Rabia Minhas, principal, Kellogg Polytechnic Elementary School, Pomona Unified School District
“Education is not the filling of a pail but the lighting of a fire.” This quote by William Butler Yeats has always resonated with me.
I have always been surrounded by people who understood that an education was more than just going to school and learning facts and that the “fire” that Mr. Yeats refers to is the alchemy that results in the transformation of thought.
When it comes to our profession, and when it comes to my experience, stagnation has never been an option.
I’ve been an educator for two decades. I started as a classroom teacher and worked hard to become a principal.
But I still wanted to grow. I needed my thinking to be pushed. I needed quality, and rigor, and relevance, and engagement around high expectations. I needed the combustion of a fire. I needed something more.
Some of the attributes that are associated with fire are destruction, transformation, and creation. NISL’s Executive Development Program (EDP) was my fire.
My participation in the EDP came at a time where I needed to be inspired again. Through the coursework I completed, I found myself destroying the belief that there was too much that I couldn’t control. I found myself destroying the belief that the kind of change I wanted to create wasn’t possible. I found myself destroying the belief that control was just an illusion and that I was stuck in the confines of a system.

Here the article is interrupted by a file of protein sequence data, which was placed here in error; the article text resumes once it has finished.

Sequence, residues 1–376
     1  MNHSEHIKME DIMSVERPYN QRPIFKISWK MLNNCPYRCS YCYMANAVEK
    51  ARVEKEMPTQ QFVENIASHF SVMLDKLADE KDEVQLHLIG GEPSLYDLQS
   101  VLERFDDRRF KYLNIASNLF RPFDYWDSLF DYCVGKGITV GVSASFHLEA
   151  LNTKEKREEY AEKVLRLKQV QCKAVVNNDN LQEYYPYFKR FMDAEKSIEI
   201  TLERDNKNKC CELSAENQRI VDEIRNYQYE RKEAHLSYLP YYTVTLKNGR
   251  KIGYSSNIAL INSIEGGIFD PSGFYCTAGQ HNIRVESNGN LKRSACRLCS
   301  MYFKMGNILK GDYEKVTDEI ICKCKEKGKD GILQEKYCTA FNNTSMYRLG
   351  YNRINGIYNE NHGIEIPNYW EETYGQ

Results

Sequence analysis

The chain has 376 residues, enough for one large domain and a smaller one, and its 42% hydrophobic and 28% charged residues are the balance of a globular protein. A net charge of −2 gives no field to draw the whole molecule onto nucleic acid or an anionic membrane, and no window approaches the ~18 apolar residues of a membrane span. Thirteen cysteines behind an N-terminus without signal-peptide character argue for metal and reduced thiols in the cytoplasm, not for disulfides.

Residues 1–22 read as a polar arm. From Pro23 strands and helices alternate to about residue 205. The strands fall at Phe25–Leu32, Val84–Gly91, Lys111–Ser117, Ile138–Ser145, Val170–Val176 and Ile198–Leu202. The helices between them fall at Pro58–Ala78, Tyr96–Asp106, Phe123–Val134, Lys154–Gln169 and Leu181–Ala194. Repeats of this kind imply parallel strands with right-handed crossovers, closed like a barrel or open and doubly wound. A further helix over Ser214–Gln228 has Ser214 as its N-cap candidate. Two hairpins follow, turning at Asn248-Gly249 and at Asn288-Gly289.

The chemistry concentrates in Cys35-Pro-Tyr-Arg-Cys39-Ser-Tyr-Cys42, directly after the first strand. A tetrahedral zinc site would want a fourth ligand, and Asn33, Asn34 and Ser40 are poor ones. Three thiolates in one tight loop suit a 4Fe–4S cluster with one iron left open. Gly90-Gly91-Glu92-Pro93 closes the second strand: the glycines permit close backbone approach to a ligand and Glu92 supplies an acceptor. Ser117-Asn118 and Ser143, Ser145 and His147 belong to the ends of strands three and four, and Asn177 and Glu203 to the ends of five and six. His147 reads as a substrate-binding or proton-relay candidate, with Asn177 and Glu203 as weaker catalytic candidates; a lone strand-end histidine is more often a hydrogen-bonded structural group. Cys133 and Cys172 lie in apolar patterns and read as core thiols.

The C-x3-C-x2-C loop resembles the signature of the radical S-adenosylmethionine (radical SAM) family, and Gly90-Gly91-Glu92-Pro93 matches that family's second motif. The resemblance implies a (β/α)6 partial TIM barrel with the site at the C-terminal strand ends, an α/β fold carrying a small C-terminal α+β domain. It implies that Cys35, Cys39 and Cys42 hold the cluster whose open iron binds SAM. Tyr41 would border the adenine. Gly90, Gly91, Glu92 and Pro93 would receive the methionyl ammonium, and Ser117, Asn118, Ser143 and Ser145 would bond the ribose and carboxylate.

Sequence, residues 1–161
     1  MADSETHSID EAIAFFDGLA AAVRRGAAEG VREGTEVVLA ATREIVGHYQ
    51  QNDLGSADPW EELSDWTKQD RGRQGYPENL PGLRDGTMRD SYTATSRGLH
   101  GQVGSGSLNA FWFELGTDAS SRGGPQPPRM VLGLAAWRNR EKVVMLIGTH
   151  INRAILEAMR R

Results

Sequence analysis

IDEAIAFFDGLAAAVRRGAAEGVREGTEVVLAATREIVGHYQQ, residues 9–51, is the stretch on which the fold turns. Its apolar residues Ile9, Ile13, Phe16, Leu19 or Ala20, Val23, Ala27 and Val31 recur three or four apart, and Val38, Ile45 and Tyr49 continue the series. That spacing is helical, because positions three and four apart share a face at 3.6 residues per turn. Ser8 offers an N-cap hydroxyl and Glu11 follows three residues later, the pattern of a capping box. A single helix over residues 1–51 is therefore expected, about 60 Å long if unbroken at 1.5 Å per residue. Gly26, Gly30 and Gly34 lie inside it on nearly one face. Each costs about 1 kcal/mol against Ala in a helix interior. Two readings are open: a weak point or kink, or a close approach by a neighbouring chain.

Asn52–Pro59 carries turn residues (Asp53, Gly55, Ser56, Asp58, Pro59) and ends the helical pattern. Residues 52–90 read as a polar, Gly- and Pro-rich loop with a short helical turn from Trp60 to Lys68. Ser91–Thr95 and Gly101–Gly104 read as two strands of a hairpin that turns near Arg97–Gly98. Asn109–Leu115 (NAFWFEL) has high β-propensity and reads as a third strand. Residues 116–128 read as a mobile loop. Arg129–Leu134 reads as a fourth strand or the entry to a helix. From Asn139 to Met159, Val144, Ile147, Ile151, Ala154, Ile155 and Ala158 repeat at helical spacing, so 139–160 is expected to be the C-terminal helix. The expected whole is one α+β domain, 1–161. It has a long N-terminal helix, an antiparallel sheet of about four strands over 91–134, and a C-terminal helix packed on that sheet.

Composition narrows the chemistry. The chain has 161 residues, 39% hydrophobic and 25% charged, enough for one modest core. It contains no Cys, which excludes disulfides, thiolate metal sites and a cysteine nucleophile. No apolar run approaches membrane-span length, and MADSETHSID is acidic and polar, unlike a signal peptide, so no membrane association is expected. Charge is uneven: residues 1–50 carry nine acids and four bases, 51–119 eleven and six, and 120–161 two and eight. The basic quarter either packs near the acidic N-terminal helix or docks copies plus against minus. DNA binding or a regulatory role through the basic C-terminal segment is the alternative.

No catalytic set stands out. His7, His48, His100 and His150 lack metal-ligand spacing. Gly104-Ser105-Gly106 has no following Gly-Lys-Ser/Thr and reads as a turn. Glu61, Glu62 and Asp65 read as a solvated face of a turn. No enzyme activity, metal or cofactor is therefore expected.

I found my thinking transforming into that of a Strategic Thinker. This transformation in thinking allowed me to realize that I can create opportunities for my staff to grow and my students to be successful. It’s made me realize that there are elements in my control and if I create an alignment of the systems at my school under a common co-created vision and a strong coalition, I can create opportunities around a sense of urgency and I can ignite passion and excitement for meaningful and relevant work in my staff.
NISL is more than just coursework. It is more than just professional development. It is a commitment. It is a commitment to yourself, and it is not for the faint of heart. This is not a program where you can just go through the motions, this is not coursework that you will breeze through, this is not something you can just “wing,” and it is also not something that you should do to make your boss or district happy. Perhaps most importantly, it’s not a program where the lessons you learn can be ignored. This work is too important to not put into practice.
Through my experience participating in the EDP, I have gained so much more than just knowledge. I have gained perspective. I have gained confidence. I have gained a framework for thinking. I have gained awareness of myself.
Most administrators, whether they collaborate with their colleagues or not, have all felt moments of isolation. Being an administrator is a difficult, sometimes emotionally draining, stressful, and occasionally lonely, job. My experience with other school leaders in my EDP cohort has allowed me to see that I am not alone in my thinking. My ideas and those of my colleagues resonate with one another, and though our approaches may be different, our thinking is aligned. I have found camaraderie through this experience, and made connections with people I may not have otherwise made connections with.
“Education is not the filling of a pail but the lighting of a fire.” And, NISL, for me, has been the catalyst for that alchemical change.